Charles Laughton
(1899-1962)

Died aged c. 63

Charles Laughton (1 July 1899 – 15 December 1962) was an English, and later naturalized American, stage and film actor. Laughton was trained in London at the Royal Academy of Dramatic Art and first appeared professionally on the stage in 1926. In 1927, he was cast in a play with his future wife Elsa Lanchester, with whom he lived and worked until his death. He played a wide range of classical and modern parts, making an impact in Shakespeare at the Old Vic. His film career took him to Broadway and then Hollywood, but he also collaborated with Alexander Korda on notable British films of the era, including The Private Life of Henry VIII, for which he won the Academy Award for Best Actor for his portrayal of the title character. He portrayed everything from monsters and misfits to kings. Among Laughton's biggest film hits were The Barretts of Wimpole Street, Mutiny on the Bounty, Ruggles of Red Gap, Jamaica Inn, The Hunchback of Notre Dame, The Big Clock, and Witness for the Prosecution. Daniel Day-Lewis cited Laughton as one of his inspirations, saying: "He was probably the greatest film actor who came from that period of time. He had something quite remarkable. His generosity as an actor; he fed himself into that work. As an actor, you cannot take your eyes off him." In his later career, he took up stage directing, notably in The Caine Mutiny Court-Martial, and George Bernard Shaw's Don Juan in Hell, in which he also starred. He directed one film, the thriller The Night of the Hunter, which after an initially disappointing reception is acclaimed today as a film classic.

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Commemorated on 5 plaques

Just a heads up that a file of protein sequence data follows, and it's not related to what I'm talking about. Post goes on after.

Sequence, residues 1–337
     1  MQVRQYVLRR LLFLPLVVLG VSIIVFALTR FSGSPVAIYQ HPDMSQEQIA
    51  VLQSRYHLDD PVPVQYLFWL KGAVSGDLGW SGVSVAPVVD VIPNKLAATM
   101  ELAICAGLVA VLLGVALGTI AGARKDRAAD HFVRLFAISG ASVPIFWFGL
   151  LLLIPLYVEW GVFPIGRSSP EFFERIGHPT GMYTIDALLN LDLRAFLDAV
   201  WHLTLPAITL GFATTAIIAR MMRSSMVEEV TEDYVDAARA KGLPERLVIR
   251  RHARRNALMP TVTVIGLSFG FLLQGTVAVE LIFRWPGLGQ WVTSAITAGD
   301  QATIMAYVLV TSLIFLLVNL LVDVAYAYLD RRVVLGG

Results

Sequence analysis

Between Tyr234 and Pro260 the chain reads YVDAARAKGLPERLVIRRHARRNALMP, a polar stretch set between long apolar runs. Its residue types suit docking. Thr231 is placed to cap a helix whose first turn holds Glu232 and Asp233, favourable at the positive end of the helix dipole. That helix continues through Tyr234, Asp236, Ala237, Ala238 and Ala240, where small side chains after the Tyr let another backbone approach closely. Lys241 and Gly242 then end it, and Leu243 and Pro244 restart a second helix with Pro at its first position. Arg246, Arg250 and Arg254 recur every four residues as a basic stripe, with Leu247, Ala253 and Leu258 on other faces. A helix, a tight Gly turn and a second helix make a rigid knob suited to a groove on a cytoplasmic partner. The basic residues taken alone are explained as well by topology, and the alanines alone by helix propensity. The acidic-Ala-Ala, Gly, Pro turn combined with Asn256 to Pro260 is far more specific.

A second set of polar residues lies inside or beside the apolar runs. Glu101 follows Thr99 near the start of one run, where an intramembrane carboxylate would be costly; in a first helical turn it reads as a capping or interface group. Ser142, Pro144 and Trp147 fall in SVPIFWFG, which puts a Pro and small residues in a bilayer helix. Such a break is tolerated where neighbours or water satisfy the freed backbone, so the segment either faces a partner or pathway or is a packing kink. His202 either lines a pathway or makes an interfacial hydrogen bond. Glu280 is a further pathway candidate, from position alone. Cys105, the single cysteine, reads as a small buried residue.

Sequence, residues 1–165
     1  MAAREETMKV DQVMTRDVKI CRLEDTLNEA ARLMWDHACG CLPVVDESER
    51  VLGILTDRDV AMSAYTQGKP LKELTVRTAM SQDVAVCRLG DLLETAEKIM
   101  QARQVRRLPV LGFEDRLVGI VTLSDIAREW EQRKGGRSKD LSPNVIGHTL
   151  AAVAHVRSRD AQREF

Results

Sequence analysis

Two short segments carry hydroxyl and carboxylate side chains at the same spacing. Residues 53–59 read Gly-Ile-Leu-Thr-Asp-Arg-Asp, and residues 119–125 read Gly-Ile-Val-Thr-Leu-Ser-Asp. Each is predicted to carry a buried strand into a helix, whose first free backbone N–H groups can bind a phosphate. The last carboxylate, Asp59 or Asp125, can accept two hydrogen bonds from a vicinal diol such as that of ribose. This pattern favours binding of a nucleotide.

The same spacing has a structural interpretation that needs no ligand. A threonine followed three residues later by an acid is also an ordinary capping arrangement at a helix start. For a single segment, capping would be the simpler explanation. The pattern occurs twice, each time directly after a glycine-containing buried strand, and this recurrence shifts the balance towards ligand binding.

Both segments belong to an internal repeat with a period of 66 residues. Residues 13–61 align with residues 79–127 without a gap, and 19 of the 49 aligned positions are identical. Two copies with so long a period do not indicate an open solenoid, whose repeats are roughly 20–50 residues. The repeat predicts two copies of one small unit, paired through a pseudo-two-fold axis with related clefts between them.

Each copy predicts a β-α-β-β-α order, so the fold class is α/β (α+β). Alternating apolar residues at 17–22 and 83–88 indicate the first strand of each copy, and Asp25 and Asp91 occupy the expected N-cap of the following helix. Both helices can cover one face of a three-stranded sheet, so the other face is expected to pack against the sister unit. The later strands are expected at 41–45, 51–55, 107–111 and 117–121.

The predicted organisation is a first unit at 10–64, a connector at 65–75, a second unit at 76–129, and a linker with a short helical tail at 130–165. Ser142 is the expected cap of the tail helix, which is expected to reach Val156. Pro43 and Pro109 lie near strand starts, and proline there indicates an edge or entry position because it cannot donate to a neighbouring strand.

Charles Laughton 1899-1962 Actor lived here 1928-1931

15 Percy Street, Camden, W1, London, United Kingdom where they lived (1928-1931)

Charles Laughton 1899-1962 actor was born in this hotel July 1st 1899

The Victoria, Westborough, Scarborough, United Kingdom where they was

Centenary Of Cinema 1996 #088

Charles Laughton in The Private Life of Henry VIII (1933) [full inscription unknown]

Elstree Film Studios, Borehamwood, United Kingdom where they was

Charles Laughton Actor & Film Director Love Lived Here 1928-1931

15 Percy Street Fitzrovia, London, United Kingdom where they lived (1928-1931)

The Olympic Cinema This was built as Byfeld Hall in 1906, on the site of Byfield House, the 17th century residence of a former Governor of St Helena. The hall was a cinema and a theatre; Charles Laughton, John Gielgud and Claude Rains first trod the boards here. In 1966 it became a famous recording studio where The Rolling Stones, The Beatles, Led Zeppelin, Jimi Hendrix, David Bowie, Madonna, Massive Attack and many more recorded. U2 were the last to record here in 2009. It has reverted to its former use as a cinema once again. The Homestead (to the left) is 18th century, but the cottage next door is later

Church Rd, Barnes, London, United Kingdom where they was